How do we create pedestrian-friendly mainstreets and 20-minute neighborhoods? At the beginning of the last century Streetcars were the preferred tool, and here in Portland they are again at the beginning of this century here in Portland and increasingly in other U.S. cities.
Of course it is not simply a matter of installing rails in the street – the successes in the Pearl District, the West End and the developing South Waterfront are based on planning, zoning and a combination of public and private investments including Streetcar.
But skeptics continue to ask whether the intense capital cost of Streetcar is necessary to achieve the results:
- At the extreme end of the spectrum, it’s been suggested that simply the right mix of streetscape improvements and amenities could be sufficient:
And if it is government investment, could we make such investment without the streetcar component? Could we invest in streetscape improvement, façade improvement programs, development of strategies to create a unique character (or “brand” if you are a marketing person) for a street or neighborhood, public art, civic buildings, etc. and achieve the same results?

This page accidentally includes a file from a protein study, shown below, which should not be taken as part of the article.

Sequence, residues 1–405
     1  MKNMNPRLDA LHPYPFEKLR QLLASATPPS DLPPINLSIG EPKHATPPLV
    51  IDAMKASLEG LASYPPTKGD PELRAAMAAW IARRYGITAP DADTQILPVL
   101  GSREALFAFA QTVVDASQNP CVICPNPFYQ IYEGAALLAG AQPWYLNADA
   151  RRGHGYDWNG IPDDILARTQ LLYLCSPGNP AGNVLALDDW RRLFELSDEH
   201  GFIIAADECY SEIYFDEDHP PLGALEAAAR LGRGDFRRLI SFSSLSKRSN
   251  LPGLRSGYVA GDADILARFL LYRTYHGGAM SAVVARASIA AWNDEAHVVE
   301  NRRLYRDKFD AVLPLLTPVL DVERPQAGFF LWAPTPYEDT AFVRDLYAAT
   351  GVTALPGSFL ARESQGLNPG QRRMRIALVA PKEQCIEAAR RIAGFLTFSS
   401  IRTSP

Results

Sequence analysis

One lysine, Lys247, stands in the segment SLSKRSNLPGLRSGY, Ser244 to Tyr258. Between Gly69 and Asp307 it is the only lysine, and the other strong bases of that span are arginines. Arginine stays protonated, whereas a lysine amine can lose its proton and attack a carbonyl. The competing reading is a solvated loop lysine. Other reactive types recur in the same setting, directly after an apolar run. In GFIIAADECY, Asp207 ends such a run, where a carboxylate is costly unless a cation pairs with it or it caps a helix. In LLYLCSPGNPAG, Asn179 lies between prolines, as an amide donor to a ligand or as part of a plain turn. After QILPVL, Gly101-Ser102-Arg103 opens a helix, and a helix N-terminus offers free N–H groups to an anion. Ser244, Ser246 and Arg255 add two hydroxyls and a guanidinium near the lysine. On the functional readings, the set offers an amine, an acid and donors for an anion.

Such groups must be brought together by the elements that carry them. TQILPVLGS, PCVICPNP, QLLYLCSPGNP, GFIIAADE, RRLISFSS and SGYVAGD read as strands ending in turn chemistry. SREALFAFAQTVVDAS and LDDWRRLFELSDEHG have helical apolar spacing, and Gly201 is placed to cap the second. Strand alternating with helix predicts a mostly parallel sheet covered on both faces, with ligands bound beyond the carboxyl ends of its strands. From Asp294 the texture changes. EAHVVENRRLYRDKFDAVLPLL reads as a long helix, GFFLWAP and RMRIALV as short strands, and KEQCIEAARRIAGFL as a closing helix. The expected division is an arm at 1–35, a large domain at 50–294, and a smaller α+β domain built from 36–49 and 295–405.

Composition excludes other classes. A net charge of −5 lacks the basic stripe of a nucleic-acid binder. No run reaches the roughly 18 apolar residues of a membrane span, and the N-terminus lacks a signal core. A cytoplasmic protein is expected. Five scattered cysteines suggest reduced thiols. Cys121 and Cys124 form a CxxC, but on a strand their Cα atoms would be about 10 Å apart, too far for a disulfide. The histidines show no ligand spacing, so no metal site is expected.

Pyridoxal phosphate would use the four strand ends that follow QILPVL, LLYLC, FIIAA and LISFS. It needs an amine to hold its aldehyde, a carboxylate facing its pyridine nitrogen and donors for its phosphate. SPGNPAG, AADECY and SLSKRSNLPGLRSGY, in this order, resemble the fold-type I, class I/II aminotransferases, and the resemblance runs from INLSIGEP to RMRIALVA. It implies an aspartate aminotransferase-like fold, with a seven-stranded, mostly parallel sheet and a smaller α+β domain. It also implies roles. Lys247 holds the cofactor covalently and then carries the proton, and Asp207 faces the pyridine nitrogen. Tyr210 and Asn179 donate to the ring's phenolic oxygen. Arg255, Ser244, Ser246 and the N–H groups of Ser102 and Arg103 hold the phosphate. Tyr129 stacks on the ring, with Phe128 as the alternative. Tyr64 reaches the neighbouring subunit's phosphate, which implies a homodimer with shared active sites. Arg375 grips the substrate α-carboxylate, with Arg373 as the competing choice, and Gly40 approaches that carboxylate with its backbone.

- Locally, sometimes Portland Transport contributor Jim Howell has pointed out that blossoming neighborhood main streets like Albert and Mississippi are succeeding only with frequent bus service. But the bones of these neighborhoods formed in Portland’s first Streetcar era. Do we have examples where a bus line has created such a neighborhood?
- In Cincinnati, Streetcar opponents have trotted out the Trolley Bus question. Could catenary wires allow a rubber-tired vehicle to bring the same benefits that we’re extracting from Streetcar?
So how much investment, and which components, are really necessary to create a 20-minute neighborhood? How could we construct a test (preferably by surveying existing examples) to guide us?